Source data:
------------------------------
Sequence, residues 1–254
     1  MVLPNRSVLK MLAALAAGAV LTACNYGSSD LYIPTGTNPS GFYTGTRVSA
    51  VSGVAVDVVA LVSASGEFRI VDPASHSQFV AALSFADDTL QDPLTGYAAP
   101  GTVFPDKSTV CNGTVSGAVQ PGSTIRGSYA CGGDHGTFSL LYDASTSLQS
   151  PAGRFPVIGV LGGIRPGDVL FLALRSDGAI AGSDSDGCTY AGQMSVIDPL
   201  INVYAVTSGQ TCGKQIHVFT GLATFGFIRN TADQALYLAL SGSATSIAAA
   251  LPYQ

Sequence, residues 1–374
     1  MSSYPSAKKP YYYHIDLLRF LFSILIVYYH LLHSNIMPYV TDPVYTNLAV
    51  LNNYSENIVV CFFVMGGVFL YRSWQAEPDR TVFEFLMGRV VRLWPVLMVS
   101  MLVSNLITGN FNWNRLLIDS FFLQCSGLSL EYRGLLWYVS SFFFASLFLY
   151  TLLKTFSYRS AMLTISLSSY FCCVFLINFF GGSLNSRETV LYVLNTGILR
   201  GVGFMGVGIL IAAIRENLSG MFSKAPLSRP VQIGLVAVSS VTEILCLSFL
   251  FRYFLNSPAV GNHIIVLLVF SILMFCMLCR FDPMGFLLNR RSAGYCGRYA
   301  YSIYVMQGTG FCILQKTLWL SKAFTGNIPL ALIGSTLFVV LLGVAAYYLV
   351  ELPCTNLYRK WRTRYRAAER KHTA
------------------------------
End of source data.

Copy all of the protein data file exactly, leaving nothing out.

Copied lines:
Sequence, residues 1–254
     1  MVLPNRSVLK MLAALAAGAV LTACNYGSSD LYIPTGTNPS GFYTGTRVSA
    51  VSGVAVDVVA LVSASGEFRI VDPASHSQFV AALSFADDTL QDPLTGYAAP
   101  GTVFPDKSTV CNGTVSGAVQ PGSTIRGSYA CGGDHGTFSL LYDASTSLQS
   151  PAGRFPVIGV LGGIRPGDVL FLALRSDGAI AGSDSDGCTY AGQMSVIDPL
   201  INVYAVTSGQ TCGKQIHVFT GLATFGFIRN TADQALYLAL SGSATSIAAA
   251  LPYQ

Sequence, residues 1–374
     1  MSSYPSAKKP YYYHIDLLRF LFSILIVYYH LLHSNIMPYV TDPVYTNLAV
    51  LNNYSENIVV CFFVMGGVFL YRSWQAEPDR TVFEFLMGRV VRLWPVLMVS
   101  MLVSNLITGN FNWNRLLIDS FFLQCSGLSL EYRGLLWYVS SFFFASLFLY
   151  TLLKTFSYRS AMLTISLSSY FCCVFLINFF GGSLNSRETV LYVLNTGILR
   201  GVGFMGVGIL IAAIRENLSG MFSKAPLSRP VQIGLVAVSS VTEILCLSFL
   251  FRYFLNSPAV GNHIIVLLVF SILMFCMLCR FDPMGFLLNR RSAGYCGRYA
   301  YSIYVMQGTG FCILQKTLWL SKAFTGNIPL ALIGSTLFVV LLGVAAYYLV
   351  ELPCTNLYRK WRTRYRAAER KHTA